The highly anticipated new blog by Daron Acemoglu and James Robinson has an interesting new post on extractive institutions in Africa. It’s worth a read. Also worth a read are Kim Yi Dionne‘s reactions.
I don’t know if there are two “sides” to this debate, and if so, which “side” I would take. But there are two things that incline me to take Kim’s critical discussion more seriously than that of A&R. First, her relationship with her field research. The story of “Jim asking some chief in Kono” suggests a strategy in which the scholar treats his interactions with actual people as a source of anecdotes meant to confirm a theory. “Trust me, I talked to an African about it. How many Africans have YOU talked to?” I have no idea if this is an accurate description of Robinson’s approach to field research, but that’s what I infer from the way that it has been presented.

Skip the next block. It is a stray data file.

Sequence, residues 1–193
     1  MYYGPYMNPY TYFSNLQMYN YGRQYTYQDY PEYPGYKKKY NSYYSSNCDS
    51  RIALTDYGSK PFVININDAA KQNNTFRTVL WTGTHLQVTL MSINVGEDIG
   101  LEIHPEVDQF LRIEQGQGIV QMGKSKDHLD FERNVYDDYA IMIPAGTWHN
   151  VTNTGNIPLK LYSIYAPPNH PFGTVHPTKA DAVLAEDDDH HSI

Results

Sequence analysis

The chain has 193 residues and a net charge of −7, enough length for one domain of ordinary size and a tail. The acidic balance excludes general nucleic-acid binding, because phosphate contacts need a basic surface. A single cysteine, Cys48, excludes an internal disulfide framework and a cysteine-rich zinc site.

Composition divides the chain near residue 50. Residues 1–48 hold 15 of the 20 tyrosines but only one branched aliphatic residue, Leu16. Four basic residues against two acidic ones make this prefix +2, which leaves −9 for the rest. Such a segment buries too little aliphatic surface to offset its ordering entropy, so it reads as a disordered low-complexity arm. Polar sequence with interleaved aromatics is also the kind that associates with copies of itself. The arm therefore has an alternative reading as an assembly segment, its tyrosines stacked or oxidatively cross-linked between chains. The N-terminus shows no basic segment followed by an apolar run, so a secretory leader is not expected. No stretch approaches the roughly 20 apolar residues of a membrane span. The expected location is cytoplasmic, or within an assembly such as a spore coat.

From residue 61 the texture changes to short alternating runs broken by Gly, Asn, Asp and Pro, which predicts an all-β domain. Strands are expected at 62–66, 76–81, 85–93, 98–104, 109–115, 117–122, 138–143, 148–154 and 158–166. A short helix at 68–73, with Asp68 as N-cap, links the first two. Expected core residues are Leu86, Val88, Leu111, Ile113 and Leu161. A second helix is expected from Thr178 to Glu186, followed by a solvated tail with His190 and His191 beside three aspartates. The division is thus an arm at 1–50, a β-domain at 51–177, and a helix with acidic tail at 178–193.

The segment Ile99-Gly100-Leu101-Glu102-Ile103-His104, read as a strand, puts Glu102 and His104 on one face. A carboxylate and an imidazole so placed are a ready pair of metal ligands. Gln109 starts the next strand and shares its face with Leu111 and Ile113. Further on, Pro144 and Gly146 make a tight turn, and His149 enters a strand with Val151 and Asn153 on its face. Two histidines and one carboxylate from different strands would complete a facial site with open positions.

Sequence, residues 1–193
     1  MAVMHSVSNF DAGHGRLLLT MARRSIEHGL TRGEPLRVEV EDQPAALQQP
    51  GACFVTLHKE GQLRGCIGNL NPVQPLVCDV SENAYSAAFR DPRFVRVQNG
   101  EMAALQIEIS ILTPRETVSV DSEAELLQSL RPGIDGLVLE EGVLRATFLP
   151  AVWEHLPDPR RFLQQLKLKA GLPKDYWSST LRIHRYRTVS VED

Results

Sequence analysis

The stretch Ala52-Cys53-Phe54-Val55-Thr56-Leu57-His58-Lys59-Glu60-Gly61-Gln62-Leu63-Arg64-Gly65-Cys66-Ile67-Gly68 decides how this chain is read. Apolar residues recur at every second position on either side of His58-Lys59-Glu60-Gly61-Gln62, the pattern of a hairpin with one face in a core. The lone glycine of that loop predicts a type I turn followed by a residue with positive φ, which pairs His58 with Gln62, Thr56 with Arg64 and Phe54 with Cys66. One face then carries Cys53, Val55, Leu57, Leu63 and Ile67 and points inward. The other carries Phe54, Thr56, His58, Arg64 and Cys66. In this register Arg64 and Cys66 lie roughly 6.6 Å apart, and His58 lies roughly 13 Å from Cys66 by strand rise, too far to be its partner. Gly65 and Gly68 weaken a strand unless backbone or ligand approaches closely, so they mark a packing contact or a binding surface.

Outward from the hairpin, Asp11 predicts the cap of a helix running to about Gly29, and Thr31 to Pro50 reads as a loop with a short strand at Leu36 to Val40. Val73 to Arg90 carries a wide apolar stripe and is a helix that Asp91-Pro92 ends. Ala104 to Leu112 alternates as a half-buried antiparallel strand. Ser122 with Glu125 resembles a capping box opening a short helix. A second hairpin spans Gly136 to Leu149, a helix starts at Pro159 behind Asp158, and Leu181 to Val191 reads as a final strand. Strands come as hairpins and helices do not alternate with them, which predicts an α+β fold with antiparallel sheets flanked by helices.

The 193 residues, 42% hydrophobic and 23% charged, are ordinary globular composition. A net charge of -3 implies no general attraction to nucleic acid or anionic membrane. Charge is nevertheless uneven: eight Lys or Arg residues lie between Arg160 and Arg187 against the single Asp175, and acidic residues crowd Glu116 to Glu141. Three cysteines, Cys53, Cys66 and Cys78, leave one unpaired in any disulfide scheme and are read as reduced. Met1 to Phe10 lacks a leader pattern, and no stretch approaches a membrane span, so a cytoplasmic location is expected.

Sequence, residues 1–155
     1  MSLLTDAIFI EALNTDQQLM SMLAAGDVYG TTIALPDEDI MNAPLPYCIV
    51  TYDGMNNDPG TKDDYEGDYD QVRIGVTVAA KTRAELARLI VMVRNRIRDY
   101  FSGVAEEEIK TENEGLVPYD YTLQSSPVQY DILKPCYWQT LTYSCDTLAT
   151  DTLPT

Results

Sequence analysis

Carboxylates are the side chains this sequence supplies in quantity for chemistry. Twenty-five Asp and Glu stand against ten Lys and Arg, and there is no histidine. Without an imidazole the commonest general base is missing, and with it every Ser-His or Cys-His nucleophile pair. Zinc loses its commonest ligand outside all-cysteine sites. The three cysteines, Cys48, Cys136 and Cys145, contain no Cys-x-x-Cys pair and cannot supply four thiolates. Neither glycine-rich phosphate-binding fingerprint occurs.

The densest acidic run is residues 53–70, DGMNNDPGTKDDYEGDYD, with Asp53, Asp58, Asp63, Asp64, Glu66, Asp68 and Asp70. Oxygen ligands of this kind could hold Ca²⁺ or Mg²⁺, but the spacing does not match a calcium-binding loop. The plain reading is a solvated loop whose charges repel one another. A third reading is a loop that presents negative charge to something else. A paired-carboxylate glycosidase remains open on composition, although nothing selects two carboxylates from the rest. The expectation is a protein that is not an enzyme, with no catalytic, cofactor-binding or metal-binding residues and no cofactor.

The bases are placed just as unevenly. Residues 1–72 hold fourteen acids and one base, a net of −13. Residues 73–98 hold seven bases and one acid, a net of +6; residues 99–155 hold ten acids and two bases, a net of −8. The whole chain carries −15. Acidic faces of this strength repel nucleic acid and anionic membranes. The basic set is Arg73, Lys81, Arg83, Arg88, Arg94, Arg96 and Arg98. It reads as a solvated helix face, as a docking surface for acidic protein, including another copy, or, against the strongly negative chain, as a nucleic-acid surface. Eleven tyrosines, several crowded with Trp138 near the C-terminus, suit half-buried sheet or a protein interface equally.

Kim’s discussion implies to me a much closer and more personal relationship with the people in her field sites. The way she presents it, at least, makes me think that she wants really to understand the mechanisms of political authority and accountability where she works. I can’t say for sure that one perspective is better than the other, but I like what I take to be Kim’s approach better.
The second thing that inclines me toward Kim’s approach is her willingness to embed local understanding of power and authority within the language of strategic interactions. I love this:
If we think about the relationship between the headman and the villagers as a strategic interaction, where the villagers have agency to make decisions that can affect outcomes, we can have expectations about how the headman will behave, considering he will take into account the potential strategies villagers could choose from. If his goal — like that of many politicians — is to stay in office, we should expect he will behave in ways that respect the power of ordinary villagers to challenge his rule.
This is exactly how we should try to develop links between field work (perhaps we can call it a form of ethnography) and game theory. Of course, the devil is always in the details, but as an illustration of how we can use the tools that we learn from political science to understand the lives of real people in faraway places, this is great.